p. p. How the On. In effect.. Whorf proposed that we dissect nature along the lines laid down by our native languages. p. Knowledge is quantitative. In other words. then. 1981. and the like.tological Approach Works In contrast to the psychological approach to change which operates within existing paradigms. From this perspective. Wharfs (1956) concept of linguistic relativity epitomizes this assertion.A New Paradigm . As McNeil (1975) notes. the learner is trapped in a dualistic interpretation of the world-one in which everything is perceived in terms of absolutes: Good versus Bad. 13)." Authority. Some philosophers and psychologist assert that it is part of the human condition to equate one's paradigms or interpretation of the world with the reality of the world. in fact. the truth" (Rorty. These experiences provide individuals with an opportunity to try out new paradigms that might allow them to be more effective in dealing with current problems. Without such a realization. As philosopher Rorty notes. even when experiences do not necessarily fit into these partitionings. some theorist have conjectured that the basic propositional form oflanguage shapes perception. 1989. "it is easy to run together the fact that the world given states and events with the assumption that our linguistic description of those states and events along with their causes and consequences is. Based on this notion. Human beings quite naturally define them- . human beings partition their experiences into agents. Agency is experienced as "out there.213).. the Right job (Perry. 1956. location. Perry (1981) characterizes both ethical and cognitive growth as involving the central realization that there are differing perspectives or interpretations as to the nature of truth. it is clear that paradigms are. / 167 Note that the lines in Figure 1 are labeled agent. the world is presented in a kaleidoscopic flux of impressions which has to be organized by our minds-and this means largely by the linguistic systems in our minds" (Whorf. All that is not Success is Failure. Right Answers are to be memorized by hard work.79) The experience of consciousness other than the "I" embedded in one' propositional networks might be considered a natural outgrowth of the experience of paradigms as interpretations of reality as opposed to reality itself. and 2) an experience of consciousness other than the "I" embedded in their paradigms. The ontological approach to change seeks to provide individuals with this unique perspective-one which Perry asserts is the critical juncture in the development of an autonomous learner. Right versus Wrong. test scores. first and foremost. Building on the teaching of Sapir (1921). Paradigms. can be operationally defined as propositional networks created by our linguistically determined encoding of information from the senses. objects. language forces us to interpret or "encode" the information we receive from our senses into propositions that articulate relationships among different entities. Right Answers exist somewhere for every problem and authorities know them. and it is this characteristic that provides the power behind the ontological approach to change. asserts Perry. and the like. the ontological approach to change seeks to provide individuals with: 1) an experience of their paradigms as constructed realities as opposed to absolute reality. The thoughts we isolate from the world of sensory stimuli are not there because they stare every observer in the face: "On the contrary. These represent the relationships that language imposes on the information we receive from the senses. location and so on. we confuse our descriptions of the world with world itself. human constructions that dwell in language. Specifically. says Rorty. We versus They.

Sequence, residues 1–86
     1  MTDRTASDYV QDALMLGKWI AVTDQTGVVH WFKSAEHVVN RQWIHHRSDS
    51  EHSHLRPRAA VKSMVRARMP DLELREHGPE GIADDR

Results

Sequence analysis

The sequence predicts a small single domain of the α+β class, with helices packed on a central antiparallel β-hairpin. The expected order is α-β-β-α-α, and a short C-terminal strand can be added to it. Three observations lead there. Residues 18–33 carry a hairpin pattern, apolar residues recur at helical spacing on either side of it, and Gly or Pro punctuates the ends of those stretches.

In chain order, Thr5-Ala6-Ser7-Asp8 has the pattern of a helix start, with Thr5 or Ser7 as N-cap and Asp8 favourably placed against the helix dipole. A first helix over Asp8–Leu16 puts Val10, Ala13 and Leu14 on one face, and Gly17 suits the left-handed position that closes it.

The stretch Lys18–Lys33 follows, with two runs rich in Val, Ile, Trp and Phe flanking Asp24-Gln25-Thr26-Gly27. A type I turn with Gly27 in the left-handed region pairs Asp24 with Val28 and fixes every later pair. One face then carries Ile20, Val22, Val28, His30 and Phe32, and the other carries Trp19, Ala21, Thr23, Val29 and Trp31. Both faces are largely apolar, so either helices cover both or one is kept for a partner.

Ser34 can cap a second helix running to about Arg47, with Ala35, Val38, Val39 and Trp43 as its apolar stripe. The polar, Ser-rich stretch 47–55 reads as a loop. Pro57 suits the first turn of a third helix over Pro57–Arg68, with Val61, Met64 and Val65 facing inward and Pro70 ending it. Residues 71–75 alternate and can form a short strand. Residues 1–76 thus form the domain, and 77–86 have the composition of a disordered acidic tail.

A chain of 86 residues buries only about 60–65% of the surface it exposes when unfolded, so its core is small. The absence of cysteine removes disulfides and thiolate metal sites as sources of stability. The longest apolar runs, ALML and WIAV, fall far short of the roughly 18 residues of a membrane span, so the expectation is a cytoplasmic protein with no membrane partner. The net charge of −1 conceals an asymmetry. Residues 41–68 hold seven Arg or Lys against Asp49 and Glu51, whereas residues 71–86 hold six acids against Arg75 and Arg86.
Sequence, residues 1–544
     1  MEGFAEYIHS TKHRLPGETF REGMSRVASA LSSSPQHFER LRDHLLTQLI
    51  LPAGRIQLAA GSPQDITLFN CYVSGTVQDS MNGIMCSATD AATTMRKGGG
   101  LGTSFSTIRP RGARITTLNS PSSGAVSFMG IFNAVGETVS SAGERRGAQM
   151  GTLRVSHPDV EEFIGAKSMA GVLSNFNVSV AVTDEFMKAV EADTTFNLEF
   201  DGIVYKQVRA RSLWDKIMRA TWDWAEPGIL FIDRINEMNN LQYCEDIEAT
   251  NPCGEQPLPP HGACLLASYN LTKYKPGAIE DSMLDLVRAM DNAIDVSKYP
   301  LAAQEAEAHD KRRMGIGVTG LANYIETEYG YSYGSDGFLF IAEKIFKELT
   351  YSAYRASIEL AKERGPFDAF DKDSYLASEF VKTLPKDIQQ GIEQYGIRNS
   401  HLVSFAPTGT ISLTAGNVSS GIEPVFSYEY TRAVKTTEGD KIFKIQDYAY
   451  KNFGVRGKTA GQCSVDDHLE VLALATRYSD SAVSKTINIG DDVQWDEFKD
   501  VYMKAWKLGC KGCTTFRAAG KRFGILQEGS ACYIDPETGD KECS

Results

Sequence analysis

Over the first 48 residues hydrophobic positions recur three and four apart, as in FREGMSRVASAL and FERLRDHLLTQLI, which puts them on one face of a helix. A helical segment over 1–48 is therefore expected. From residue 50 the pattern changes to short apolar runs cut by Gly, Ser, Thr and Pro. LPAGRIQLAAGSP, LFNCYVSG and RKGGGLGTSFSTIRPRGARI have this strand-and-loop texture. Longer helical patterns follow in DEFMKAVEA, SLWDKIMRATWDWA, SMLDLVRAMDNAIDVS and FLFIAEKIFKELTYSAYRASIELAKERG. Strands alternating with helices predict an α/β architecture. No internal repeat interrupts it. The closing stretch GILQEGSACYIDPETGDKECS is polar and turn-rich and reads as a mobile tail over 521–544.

there must exist something which creates our propositional networks or. a paradigm shift may occur through volition rather than through drastic changes in resource variables. Rather. For example. No more are their energies devoted to weighing alternatives or considering contingencies. human beings obtain their sense of "self' from the "I" in their propositions. then. Rorty explains this as a process of inventing new tools: "the proper analogy is with the invention of new tools to take the place of old toos . In fact.. In effect.1681 Education Vol. Oftentimes. One "way of being" that is quite different from the common way of interacting with the world is to experiment with new paradigms when old paradigms are viewed as limiting-when old paradigms are declared bankrupt. and the chock because one has envisioned the pulley or like discarding gesso and tempera because one has now figured out how to size canvas properly. It is a form of consciousness within which commitments can be made. if propositional networks are created interpretations. This is the self that McCarl (1993) refers to as the transcendental. these experiences allow one to interact with situations and events in ways that provide access to second order change. In fact. to new paradigms consciously selected as opposed to culturally or situationally imposed that is at the core of second order of change. 1989. (Heckhausen and Kuhl. In other words. the individual who generated the propositional network in Figure 1. the experience of paradigms as interpretations and the experience of a consciousness other than the "1" of one's paradigms-form the basis of the ontological approach to change. More accurately. energies are focused on manifesting the commitment In short. However. In effect. a fundamental dynamic of the creative process is experimenting with new ways of looking at things. the normal state of human consciousness is that the "I" is the self. without commitment. consequently." (Como. even a slight change in one's perspective (paradigm) open up an entirely new vista of possibilities. consciousness." CRony. second order change does not exist. (it) is more like discarding the lever . then the "I" components of those networks are themselves creations. says Amabile. 1993. its most relevant feature is that "different information processing principles seem to account for performance before and after the point of commitment. p. In fact. Once multiple paradigms have been considered. p. two experiences-namely. Heckhausen and Kuhl note that once individuals have made a commitment to a selected paradigm. Although a discussion of action control theory is beyond the scope of this article. one may be adopted. In summary. would define who he is by the cumulative information continued in the propositional networks which contain an "I" element. 14) In fact. in Perry's A New Way of Being Ultimately second order change is brought about by interacting with events and situations in a new way. 116 NO. That is. Key to such conscious or controlled paradigm shift is commitment on the part of those who have adopted the new paradigm.2 selves as the "i" within their propositional networks. the world occurs for them in an entirely different way. 1985) It is commitment. This "new way of being" involves: 1) experimentation with new paradigms and 2) commitment to selected paradigms. Psychologist Como (1993) explains that action control theory is the foundation for modern studies of commitment. there must be a self separate from the "I" of our thinking. individuals behave in a totally different manner than they did prior to the commitment and. they have crossed a metaphorical Rubicon.. stated differently. 12) This flexibility of perspective has been identified by psychologist Amabile (1983) as central to creativity.